HOME
          
LATEST STORY
Newsonomics: The Financial Times triples its profits and swaps champagne flutes for martini glasses
ABOUT                    SUBSCRIBE
July 6, 2010, 6:54 p.m.

Time Magazine putting up a paywall to protect print?

Check out the current issue of Time Magazine at Time.com. Click around. Notice anything? On almost every story that comes from the magazine, there’s this phrase: “The following is an abridged version of an article that appears in the July 12, 2010 print and iPad editions of TIME.”

Late last month, Reuters’ Felix Salmon noticed that a Time.com story he followed a link to wasn’t all there — it was just a snippet and a note saying that “To read TIME Magazine in its entirety, subscribe or download the issue on the iPad.” But by the following morning, the full story was back as if nothing happened.

The fact that nearly every major article in the current issue online is now cut short — and that each has the new this-is-an-abridged-magazine-article note — would seem to indicate this is part of a new shift at Time. (A few pieces are posted in full, but even the letters page gets cut off. Even a slideshow, that ultimate driver of pageviews, gets chopped down to just a single slide.)

At this rate, every news outlet with some variant of “time” in their title will be charging digital readers in one way or another. A quick Googling seems to indicate this is new with the July 12 issue.

We’ve got a call into Time to get additional details, but a few quick thoughts:

— It’s interesting that Time would consider this kind of a move when (a) its major rival, Newsweek, is getting roughed up economically, and (b) managing editor Richard Stengel has been proudly proclaiming that Time was “very profitable last year, and we will be even more profitable this year.”

— Time’s website is popular, and there’s still plenty of free content on it — just not, apparently, the weekly magazine itself. News paywalls tend to be more about protecting print as a standalone product than about building a new online revenue stream. So maybe making the content differentiation between the two stronger makes sense.

— But this is a paywall without a door: There appears to be no way to buy access to the magazine from within a web browser — either an individual article or the full issue. The push is all toward print and the magazine’s iPad app. Is that a temporary shortfall, while Time figures out the best way to charge for web access? Or is it a sign publishers are concluding that the web is so problematic a platform for news-as-paid-content that they’re better off using it as a simple promotional platform for iPad apps and paper? Or to ask the zen question, is it really a paywall if there’s no way to pay?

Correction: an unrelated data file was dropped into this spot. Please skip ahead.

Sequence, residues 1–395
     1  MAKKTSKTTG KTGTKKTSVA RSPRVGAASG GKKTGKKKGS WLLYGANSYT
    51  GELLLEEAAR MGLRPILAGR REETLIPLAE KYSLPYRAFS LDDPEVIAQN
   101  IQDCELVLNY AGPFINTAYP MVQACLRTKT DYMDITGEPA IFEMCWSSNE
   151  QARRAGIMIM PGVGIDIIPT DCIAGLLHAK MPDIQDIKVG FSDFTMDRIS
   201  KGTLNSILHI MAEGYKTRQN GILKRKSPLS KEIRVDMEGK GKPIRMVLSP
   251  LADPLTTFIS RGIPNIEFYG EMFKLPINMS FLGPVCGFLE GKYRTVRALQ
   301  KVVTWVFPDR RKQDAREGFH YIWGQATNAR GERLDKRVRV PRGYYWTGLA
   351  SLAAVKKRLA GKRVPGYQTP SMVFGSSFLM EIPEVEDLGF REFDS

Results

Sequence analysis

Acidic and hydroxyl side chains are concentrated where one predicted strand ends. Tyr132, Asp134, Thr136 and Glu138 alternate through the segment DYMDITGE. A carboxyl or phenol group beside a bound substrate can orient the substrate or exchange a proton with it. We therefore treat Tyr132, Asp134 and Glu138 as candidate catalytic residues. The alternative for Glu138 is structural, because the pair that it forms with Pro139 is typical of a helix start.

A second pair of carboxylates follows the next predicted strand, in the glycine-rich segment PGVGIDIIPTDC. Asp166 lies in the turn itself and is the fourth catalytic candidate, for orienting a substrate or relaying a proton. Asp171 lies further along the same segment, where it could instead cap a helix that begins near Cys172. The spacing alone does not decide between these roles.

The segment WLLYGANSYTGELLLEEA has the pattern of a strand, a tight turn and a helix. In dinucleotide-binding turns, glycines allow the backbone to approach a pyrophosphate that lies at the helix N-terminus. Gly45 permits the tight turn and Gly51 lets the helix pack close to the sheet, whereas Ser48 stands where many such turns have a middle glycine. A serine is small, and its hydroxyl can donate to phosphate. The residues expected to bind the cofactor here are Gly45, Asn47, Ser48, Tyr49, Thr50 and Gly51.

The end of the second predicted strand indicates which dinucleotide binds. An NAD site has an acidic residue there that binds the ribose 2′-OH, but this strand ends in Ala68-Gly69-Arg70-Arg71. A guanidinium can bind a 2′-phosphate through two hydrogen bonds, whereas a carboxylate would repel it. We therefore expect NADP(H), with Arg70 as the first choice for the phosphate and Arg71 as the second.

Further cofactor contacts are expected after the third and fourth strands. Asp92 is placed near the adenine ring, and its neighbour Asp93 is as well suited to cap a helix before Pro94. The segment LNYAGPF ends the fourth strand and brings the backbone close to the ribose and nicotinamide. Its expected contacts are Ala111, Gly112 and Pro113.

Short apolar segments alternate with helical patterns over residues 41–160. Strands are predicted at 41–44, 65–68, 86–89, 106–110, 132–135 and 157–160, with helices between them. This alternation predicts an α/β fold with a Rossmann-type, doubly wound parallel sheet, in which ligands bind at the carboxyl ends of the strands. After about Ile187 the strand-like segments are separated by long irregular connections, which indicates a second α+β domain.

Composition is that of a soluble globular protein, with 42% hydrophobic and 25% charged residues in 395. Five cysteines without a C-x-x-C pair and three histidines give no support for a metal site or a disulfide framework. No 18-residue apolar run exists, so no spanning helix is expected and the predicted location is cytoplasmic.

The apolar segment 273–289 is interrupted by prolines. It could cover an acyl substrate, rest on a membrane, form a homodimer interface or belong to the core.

— Given all that, is it just ironic justice or something more that the current Time cover story was written by none other than Steven Brill?

POSTED     July 6, 2010, 6:54 p.m.
SHARE THIS STORY
   
Show comments  
Show tags
 
Join the 15,000 who get the freshest future-of-journalism news in our daily email.
Newsonomics: The Financial Times triples its profits and swaps champagne flutes for martini glasses
The FT is a leader in crossing over from print — digital subscribers now make up 70 percent of its paying audience, a number that keeps growing.
A farewell to #content: Optimism, worries, and a belief in great work
A few thoughts on the state of media (and meta-media) from our departing staff writer.
On convening a community: An excerpt from Jake Batsell’s new book on engaged journalism
“An engaged journalist’s role in the 21st century is not only to inform but to bring readers directly into the conversation.”
What to read next
789
tweets
Snapchat’s new Discover feature could be a significant moment in the evolution of mobile news
By putting mobile-native news adjacent to messages from friends, Snapchat could be helping create part of the low-friction news experience many want and need.
750Snapchat stories: Here’s how 6 news orgs are thinking about the chat app
From live events to behind-the-scenes tours, The Huffington Post, Fusion, Mashable, NPR, Philly.com, and The Verge tell us how they’re approaching Snapchat.
714Here’s how the BBC, disrupted by technology and new habits, is thinking about its future
The British broadcaster released a new report looking at the future of news as it looks toward its royal charter renewal in 2017.
These stories are our most popular on Twitter over the past 30 days.
See all our most recent pieces ➚
Encyclo is our encyclopedia of the future of news, chronicling the key players in journalism’s evolution.
Here are a few of the entries you’ll find in Encyclo.   Get the full Encyclo ➚
Byliner
Bloomberg
Newser
Hacks/Hackers
The Huffington Post
New West
Suck.com
The Batavian
Animal Político
USA Today
GlobalPost
San Francisco Chronicle